Learning experiences for new dementia caregivers
Have you recently become a caregiver for someone with dementia? As we get older, most of us will likely need assistance from family and friends, but providing memory care for seniors comes with a specific set of challenges. In this article, we’ll discuss several common learning experiences you’ll probably go through while caring for someone with dementia. We hope this helps you feel confident in your caregiving abilities and strengthens the bond between you and your senior loved one.
Accept the fact that you’ll make mistakes
Providing memory care doesn’t come with an official rule book, and no two people experience dementia in the same way. This means we’re all learning as we go along, trying our best, and accepting that we’ll make mistakes is the first step in having a healthy outlook.
Rather than being too hard on yourself or dwelling on your mistakes, which isn’t helpful for anyone involved, remind yourself that mistakes are actually learning experiences and simply move forward.
Take notes as you go
Keeping a caregiver journal is an excellent way to help you manage your feelings, emotions, struggles, and victories. It’s also an effective way to track your challenges, including the details of each situation, so you can avoid repeating the same incident in the future. It can be difficult for us to think clearly in the heat of the moment, so writing it all down and reviewing it once things have calmed down is a great tool to help you see what might be done differently next time. You may have epiphanies that benefit you in your caregiving journey.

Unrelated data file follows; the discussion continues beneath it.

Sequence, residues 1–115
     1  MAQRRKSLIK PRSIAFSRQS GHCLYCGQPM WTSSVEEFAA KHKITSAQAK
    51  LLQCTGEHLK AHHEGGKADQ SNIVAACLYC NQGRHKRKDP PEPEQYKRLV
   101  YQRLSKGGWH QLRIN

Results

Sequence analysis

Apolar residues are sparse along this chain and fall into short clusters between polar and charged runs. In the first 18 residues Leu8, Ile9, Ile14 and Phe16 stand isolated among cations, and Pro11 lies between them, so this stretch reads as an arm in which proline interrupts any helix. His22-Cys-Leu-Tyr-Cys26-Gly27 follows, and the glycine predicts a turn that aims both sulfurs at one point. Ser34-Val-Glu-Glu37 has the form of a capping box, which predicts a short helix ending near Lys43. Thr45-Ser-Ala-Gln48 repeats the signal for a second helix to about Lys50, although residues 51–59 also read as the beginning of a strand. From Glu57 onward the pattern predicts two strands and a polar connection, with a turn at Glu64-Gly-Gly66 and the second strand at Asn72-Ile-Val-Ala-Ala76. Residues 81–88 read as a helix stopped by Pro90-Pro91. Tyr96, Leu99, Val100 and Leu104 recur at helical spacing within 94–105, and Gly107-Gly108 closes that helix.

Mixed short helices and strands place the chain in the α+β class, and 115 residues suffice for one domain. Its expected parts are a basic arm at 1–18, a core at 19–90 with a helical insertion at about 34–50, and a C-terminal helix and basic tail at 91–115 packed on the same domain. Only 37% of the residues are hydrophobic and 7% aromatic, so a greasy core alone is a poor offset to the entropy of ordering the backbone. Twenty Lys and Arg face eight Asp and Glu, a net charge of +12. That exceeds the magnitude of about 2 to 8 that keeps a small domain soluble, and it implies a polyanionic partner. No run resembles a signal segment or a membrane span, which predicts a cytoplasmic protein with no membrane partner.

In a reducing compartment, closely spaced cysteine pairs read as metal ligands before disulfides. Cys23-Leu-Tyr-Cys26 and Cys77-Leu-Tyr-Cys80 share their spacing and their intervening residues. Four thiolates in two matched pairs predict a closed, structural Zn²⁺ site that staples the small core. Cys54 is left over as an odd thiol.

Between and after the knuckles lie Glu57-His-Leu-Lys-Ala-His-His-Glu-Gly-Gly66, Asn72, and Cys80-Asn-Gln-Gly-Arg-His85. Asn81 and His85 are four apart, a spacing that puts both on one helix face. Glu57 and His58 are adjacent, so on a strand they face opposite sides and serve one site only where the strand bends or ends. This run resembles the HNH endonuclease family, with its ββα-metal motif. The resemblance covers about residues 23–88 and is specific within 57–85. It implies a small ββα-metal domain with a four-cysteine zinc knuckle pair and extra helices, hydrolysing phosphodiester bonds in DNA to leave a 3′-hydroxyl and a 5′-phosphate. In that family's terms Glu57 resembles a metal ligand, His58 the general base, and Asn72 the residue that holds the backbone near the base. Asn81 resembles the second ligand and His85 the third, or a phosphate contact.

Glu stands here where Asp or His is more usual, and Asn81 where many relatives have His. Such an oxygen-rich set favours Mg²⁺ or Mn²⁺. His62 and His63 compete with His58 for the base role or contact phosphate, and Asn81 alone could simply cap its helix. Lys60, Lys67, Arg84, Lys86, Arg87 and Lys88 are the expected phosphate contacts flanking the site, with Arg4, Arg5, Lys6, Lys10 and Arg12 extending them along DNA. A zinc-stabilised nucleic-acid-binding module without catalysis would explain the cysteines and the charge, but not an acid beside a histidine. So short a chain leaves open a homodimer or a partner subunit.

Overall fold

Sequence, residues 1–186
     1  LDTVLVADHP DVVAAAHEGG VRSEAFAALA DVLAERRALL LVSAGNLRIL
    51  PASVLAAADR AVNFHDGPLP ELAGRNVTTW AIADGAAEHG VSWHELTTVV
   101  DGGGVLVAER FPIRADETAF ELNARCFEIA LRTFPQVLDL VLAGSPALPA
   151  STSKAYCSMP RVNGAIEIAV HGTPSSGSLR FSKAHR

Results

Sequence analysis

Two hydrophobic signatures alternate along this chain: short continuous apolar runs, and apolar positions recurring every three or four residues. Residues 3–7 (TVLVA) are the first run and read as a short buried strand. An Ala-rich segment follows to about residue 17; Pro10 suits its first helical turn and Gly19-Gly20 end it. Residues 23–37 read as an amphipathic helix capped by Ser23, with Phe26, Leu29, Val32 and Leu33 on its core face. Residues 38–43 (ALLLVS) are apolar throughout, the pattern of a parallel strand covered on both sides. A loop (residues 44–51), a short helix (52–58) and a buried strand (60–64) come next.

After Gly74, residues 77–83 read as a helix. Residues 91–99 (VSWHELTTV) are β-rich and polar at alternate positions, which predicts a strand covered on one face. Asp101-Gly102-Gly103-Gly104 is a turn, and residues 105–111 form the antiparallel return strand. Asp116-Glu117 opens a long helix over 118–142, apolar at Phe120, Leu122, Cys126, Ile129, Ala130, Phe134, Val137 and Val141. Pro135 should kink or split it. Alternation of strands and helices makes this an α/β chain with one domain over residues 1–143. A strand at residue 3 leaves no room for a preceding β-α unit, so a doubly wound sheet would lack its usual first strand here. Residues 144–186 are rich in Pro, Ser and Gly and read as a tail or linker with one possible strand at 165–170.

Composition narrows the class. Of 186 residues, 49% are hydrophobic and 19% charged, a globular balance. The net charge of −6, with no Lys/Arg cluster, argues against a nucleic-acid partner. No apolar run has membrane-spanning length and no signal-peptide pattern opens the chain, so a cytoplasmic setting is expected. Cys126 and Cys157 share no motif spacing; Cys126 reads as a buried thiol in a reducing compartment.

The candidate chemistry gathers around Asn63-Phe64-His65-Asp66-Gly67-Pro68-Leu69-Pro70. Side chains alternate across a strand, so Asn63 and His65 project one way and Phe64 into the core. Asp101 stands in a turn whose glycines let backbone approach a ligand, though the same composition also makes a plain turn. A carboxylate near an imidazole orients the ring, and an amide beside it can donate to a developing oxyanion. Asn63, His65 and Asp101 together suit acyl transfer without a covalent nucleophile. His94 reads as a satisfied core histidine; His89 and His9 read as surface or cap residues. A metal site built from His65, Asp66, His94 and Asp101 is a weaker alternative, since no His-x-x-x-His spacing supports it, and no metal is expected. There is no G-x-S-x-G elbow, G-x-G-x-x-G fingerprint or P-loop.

Focus on lessons learned, not what went wrong
We’re all hard on ourselves when things don’t go the way we want them to go. Instead of beating yourself up and dwelling on what went wrong, we recommend asking yourself these questions:
- What went well in this situation?
- What did I learn?
- What are the positive aspects of this situation?
Find a senior community nearby and learn from them
The expression, “it takes a village” isn’t only applicable to children. Caring for a senior with dementia requires support from a network of family and friends, and it’s important to realize that you’re not expected to do everything by yourself.
In addition to leaning on loved ones for help, we recommend joining a local caregiver support group. They’ll be uniquely positioned to understand the challenges you’re facing, and members likely have valuable advice to share. Plus, just knowing that others are going through a difficult situation that is similar to your own can often ease the burden.
We know it’s not always easy to be positive and feel optimistic when caring for your loved one with dementia. The pressure and the challenges often lead you to being hard on yourself even though you’re trying your best.
It’s important to recognize when you and your family are no longer able to provide adequate care for your loved one. With busy lives and commitments to work, school, and raising kids, it may be time to consider moving your senior loved one into a designated memory care neighborhood where you know they’ll be safe and well taken care of around the clock. If you’d like to learn more about UMC’s memory care neighborhoods across New Jersey, please give us a call today or visit our website at: https://umcommunities.org/alzheimers-memory-care/